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2011 CRF250R Smart Performance piston mod

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I have a 2011 CRF250R which I have revalved myself. It is working really well at the moment (thanks to the Dogger) but I'm trying to figure out how to improve it more. I came across the Smart Performance mod, which you drill bleed holes in the base valve piston... Has anyone done this to their own bikes and noticed an improvement? Or had any experience with it? I just don't want to damage my pistons if its not going to do any good...

Thanks in advance!

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if your mid/base pressures are balanced, you should not need to drill the free piston. but, some other companies (fc) are doing this no matter what. i've not been drilling mine as of late. i have not had issues. however, if the mid/base valving are out of balance, the resulting pressure imbalance will grenade those suckers if you jump something large, or blast the desert at high-speed.

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How can you tell the pressures between the chambers are balanced or not??? Does the amount of air which comes from the air bleeder screw have anything to do with it?

I am willing to do the mod but dont know if it is worth it, or if I will feel an improvement in suspension action?

I can post up my stacks if needed

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I think Smart perf. talk about drill only a free piston. Not a base valve piston.

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2011 crf 250 need drill free piston for bleed all air in cartdrige and not for make difference on pressure

different by 2010 model check the picture

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How can you tell the pressures between the chambers are balanced or not??? Does the amount of air which comes from the air bleeder screw have anything to do with it?

I am willing to do the mod but dont know if it is worth it, or if I will feel an improvement in suspension action?

I can post up my stacks if needed

i've seen some bikes have too much float in the mid (check plate), and the rider used the bike for jumping. that blew out the kyb free piston.

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if your mid/base pressures are balanced, you should not need to drill the free piston. but, some other companies (fc) are doing this no matter what. i've not been drilling mine as of late. i have not had issues. however, if the mid/base valving are out of balance, the resulting pressure imbalance will grenade those suckers if you jump something large, or blast the desert at high-speed.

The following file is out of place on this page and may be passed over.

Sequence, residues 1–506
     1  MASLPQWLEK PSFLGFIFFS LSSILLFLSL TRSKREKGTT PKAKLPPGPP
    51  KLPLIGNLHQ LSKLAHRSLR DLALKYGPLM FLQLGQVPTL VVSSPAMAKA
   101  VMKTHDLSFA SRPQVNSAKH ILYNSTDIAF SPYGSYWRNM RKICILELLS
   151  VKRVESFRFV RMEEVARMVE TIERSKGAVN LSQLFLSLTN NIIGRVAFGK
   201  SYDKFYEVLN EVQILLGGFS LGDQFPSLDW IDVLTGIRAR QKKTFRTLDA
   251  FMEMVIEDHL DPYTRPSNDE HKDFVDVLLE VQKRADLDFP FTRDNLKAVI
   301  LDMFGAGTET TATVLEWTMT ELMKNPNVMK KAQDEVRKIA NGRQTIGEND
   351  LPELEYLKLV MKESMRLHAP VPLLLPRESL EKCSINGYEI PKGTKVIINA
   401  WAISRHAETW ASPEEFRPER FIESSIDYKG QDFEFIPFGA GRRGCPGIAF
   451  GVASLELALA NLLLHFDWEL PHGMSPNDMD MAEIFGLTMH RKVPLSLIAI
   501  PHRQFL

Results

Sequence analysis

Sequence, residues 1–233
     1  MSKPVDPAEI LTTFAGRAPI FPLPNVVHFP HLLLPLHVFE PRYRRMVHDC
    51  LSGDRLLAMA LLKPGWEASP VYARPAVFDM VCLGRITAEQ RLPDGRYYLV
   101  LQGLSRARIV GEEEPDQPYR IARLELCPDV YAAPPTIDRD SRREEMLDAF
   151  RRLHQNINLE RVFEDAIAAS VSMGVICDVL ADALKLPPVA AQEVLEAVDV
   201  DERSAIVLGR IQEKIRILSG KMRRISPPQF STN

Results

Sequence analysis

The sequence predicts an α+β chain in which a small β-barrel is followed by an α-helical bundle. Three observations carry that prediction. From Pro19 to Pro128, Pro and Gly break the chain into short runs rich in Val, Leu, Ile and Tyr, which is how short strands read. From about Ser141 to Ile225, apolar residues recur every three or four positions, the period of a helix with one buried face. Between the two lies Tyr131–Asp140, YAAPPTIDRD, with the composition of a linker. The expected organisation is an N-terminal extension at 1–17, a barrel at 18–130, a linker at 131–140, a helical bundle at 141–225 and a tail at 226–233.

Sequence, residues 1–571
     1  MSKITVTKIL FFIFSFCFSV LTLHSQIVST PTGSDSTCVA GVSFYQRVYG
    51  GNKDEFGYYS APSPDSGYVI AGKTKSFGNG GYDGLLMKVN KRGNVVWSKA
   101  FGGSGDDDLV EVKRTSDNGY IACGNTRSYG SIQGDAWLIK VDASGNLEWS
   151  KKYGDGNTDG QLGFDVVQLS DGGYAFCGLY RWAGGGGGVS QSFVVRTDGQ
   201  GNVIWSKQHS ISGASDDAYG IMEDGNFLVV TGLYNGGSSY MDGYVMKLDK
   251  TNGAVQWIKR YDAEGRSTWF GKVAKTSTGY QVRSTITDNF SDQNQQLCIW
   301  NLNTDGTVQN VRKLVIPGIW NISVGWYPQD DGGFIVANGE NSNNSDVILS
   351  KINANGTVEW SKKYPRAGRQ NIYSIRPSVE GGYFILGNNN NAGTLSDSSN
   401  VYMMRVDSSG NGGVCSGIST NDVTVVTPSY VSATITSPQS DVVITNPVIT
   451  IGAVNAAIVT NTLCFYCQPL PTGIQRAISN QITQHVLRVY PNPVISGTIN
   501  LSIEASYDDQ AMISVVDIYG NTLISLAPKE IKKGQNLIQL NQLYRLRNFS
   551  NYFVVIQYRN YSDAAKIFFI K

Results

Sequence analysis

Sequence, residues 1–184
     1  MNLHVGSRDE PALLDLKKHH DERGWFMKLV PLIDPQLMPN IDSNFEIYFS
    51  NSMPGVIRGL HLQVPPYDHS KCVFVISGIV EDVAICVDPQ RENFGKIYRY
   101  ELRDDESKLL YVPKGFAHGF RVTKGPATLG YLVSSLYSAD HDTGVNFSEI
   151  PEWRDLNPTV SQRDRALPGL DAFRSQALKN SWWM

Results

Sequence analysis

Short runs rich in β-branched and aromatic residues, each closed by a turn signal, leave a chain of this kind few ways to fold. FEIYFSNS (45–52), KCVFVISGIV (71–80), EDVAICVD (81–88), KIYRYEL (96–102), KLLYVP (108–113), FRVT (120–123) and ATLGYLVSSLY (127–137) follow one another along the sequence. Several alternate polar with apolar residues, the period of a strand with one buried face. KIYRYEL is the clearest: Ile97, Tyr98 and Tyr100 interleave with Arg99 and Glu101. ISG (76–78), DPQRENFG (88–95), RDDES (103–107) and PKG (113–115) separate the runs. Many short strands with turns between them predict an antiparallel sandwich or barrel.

I'd like to challenge you to explain how you believe what you describe is possible since both the base and mid valves are on the same side of the free piston, and since at full travel, the free piston would release all the pressure in the cartridge through the bleed ports and into the outer chamber.

To the OP: The free piston drilling mod for KYB twin chamber forks is done not for the purpose of making any improvement in ride or damping, but to prevent the piston from being broken. The way they get broken is that if there is a slight leak at the rod seal, oil from the cartridge migrates up onto the spring side of the piston. With an undrilled piston, the air volume above the piston is both fairly small and is sealed in, so if too much oil accumulates, the air pressure within that space can become extremely elevated during compression, and the piston can burst as a result.

The aftermarket aluminum free pistons actually have very large ports built in rather than small holes, and have deleted the top O-ring. Either way, drilling/venting the piston simply allows oil to escape without breaking anything in the process.

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Well lets see. How do you explain a light rider launching and grenading the free pistons and my fast Guy landing to flat on a freestyle ramp, and not? This is what I've come across.

Now another way to explain what happened could be an unbalanced transition from the active to passive valving. I've drilled and not drilled them. I've also seen them blow out when large Guy rides small Guy's bike.

When the right spring and appropriate valve scheme are chosen, I've not had the issue, so why drill?

There are some who drill in the center 6mm. Multiple smaller holes is probably a better way to do this.

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remember drilling kyb piston make the fork more progressive ,the pressure in outer chamber spin on the free piston when landing and help the ics spring............

the pressure of chamber help the ics

that s is standard on tc showa fork and on kyb when you drill hole.the hole have the funcion of safety as gray explain but not forget the progression..

on showa 2011 crf yuo have the same method of old tc!!!!!

the drill is only for bleed air when close the piston on inner chamber.

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All things being equal, drilling the free piston illiminates the "SSS"...

That being said, i have Rate Tech aluminum pistons and honestly didnt look too close at them when I put them in, but couldnt tell a noticeable difference in the feel of the front end afterwards. My understanding at the time (years ago) was that they were for durability only and wernt designed to alter the function of the fork.